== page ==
poster_divorceeThe Divorcee (1930). God help me, I’ve always like Norma Shearer. Despite the lady’s crossed eyes and fluttery demeanor, there’s something about her that keeps me coming back for more. I’ve surprisingly never seen Shearer in her Academy Award winning pre-Code melodrama The Divorcee. When it popped up on the TCM’s Summer Under the Stars schedule as part of an all Shearer day, I decided to finally see if her performance holds up. In short, it does. Shearer seems to relish playing a free-spirited “modern” woman who marries beau Chester Morris, only to find that when it comes to marital infidelity the old fashioned double standard still holds true. Although the settings are dated, that central theme actually keeps the film from becoming a relic of the times. Opening with a wild party, the film is unusually brisk for an early talkie. Shearer gets good support from Morris and Robert Montgomery (although Conrad Nagel as Norma’s ex-flame is a bit dull). Shearer from this period still seems somewhat flighty to me (I prefer the Marie Antoinette/The Women era), but her big tell-off speech to Morris is still lively and potent as ever. The fashions and various pre-Code techniques are a lot of fun, too.
The Hearst and Davies Affair (1985). Always on the lookout for intriguing stuff to watch on the basic satellite schedule, I stuck this mid-’80s made for TV biopic on the DVR when it bizarrely showed up on the Reelz channel schedule. I mean, what’s the appeal to Joe Channel Surfer of Robert Mitchum and Viginia Madsen playing William Randolph Hearst and Marion Davies? This film was long, badly acted and directed in an unexceptional TV style, but it kept me intrigued if only for the film’s lush and historically accurate period details (parts were even filmed in Hearst Castle). The biggest problem with this film is that it covers too much territory in too short a time, going from when the pair first meet circa 1912 all the way through Hearst’s bankruptcy in the late ’30s. Mitchum was decent enough, more he-man than the actual Hearst. There are shots when Madsen looks eerily similar to the young Marion Davies, despite the actress lacking the earthiness of the real Davies. She’s also too thin and pretty for the film’s later scenes, looking more like a Jean Harlow clone at a time when Davies was getting plump and matronly from heavy drinking. I’m nitpicking too much, but the film was diverting in an undemanding “retro Dynasty” sorta way.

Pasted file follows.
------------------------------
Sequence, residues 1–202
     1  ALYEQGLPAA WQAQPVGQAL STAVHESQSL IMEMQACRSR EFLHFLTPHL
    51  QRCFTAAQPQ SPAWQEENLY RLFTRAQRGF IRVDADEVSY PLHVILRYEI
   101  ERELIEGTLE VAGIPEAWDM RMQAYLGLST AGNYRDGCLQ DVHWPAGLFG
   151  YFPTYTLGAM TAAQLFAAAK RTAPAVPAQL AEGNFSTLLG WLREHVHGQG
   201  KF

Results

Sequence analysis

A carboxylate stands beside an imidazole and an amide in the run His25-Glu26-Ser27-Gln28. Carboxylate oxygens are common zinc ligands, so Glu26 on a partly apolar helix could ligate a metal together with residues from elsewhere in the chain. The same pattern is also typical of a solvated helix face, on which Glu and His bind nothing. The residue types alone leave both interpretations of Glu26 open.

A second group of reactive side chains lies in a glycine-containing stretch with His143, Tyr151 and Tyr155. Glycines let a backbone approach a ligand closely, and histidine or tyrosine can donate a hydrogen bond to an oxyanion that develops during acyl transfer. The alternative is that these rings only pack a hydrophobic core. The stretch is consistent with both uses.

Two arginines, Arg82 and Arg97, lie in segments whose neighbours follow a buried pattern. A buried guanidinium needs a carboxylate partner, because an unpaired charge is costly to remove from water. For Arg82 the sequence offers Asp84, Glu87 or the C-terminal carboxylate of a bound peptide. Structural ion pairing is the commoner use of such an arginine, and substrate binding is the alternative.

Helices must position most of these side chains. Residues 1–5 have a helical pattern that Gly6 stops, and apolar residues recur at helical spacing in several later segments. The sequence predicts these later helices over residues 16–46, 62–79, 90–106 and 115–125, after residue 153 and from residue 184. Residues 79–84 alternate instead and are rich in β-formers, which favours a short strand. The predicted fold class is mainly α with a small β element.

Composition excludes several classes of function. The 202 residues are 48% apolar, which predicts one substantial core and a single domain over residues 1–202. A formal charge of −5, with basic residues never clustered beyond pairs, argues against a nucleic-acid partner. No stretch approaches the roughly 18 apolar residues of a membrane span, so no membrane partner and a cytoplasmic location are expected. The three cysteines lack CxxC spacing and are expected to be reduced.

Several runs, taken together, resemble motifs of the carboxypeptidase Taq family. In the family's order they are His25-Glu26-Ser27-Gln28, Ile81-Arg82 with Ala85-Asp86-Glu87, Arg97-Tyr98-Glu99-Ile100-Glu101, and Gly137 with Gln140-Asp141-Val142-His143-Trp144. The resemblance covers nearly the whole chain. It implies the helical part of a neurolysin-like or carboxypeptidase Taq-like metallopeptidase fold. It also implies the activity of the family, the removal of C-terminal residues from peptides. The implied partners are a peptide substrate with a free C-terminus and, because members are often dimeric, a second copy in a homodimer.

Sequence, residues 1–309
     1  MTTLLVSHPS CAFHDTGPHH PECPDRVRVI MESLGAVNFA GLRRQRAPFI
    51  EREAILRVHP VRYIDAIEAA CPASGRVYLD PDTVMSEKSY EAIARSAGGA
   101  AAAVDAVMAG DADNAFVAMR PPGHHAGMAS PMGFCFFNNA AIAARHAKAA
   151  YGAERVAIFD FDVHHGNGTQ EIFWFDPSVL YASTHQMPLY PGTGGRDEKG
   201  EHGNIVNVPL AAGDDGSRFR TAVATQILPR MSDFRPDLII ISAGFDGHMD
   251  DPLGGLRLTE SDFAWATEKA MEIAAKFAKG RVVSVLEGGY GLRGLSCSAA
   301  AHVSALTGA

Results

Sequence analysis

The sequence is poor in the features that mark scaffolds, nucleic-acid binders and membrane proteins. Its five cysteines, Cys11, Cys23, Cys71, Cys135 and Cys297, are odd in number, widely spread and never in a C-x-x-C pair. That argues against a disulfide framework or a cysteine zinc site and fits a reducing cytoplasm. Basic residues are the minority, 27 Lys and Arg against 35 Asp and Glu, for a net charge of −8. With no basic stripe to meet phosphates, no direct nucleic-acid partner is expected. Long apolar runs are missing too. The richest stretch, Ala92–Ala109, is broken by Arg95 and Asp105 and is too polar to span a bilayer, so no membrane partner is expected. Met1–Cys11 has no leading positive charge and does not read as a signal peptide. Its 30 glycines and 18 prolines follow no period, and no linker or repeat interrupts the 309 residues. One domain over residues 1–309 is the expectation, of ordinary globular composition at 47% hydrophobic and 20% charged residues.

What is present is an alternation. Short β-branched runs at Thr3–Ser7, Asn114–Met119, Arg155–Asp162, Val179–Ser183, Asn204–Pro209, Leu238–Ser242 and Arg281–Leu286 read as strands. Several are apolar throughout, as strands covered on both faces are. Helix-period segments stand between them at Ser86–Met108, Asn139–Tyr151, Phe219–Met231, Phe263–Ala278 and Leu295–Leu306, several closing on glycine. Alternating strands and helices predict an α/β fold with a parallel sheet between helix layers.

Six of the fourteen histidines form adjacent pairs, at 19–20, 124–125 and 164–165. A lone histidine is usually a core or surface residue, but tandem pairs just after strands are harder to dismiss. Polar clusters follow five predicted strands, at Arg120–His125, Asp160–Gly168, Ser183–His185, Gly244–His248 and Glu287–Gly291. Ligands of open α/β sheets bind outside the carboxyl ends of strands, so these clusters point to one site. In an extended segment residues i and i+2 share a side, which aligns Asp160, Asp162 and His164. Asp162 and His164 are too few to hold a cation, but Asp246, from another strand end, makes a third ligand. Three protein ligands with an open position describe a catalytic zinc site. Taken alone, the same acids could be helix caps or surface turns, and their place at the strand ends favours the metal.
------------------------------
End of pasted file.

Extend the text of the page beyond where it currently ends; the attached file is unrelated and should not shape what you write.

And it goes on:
The Sting (1973). Another effort in catching up with unseen Best Pictures of the past, The Sting nabbed the big prize in a year when the superior Exorcist and American Graffiti were also up for grabs. This was a well-made genre picture with Paul Newman and Robert Redford at their charismatic best as a pair of sophisticated grifters who undergo an insanely detailed plan to bilk a millionaire. Very enjoyable, even if the direction seemed a bit pat and the film’s flat lighting gives it an unfortunate TV movie look. The production design is pretty cool, with snazzy costuming and just about every shade of brown effectively conveying a Depression-era Chicago. I also thought the casting was excellent with some nifty work from Robert Shaw, Harold Gould, Ray Walston and Eileen Brennan. As fun as it was, it’s not a film that I’d eagerly revisit any time soon. It’s no Exorcist or American Graffiti, that’s for sure.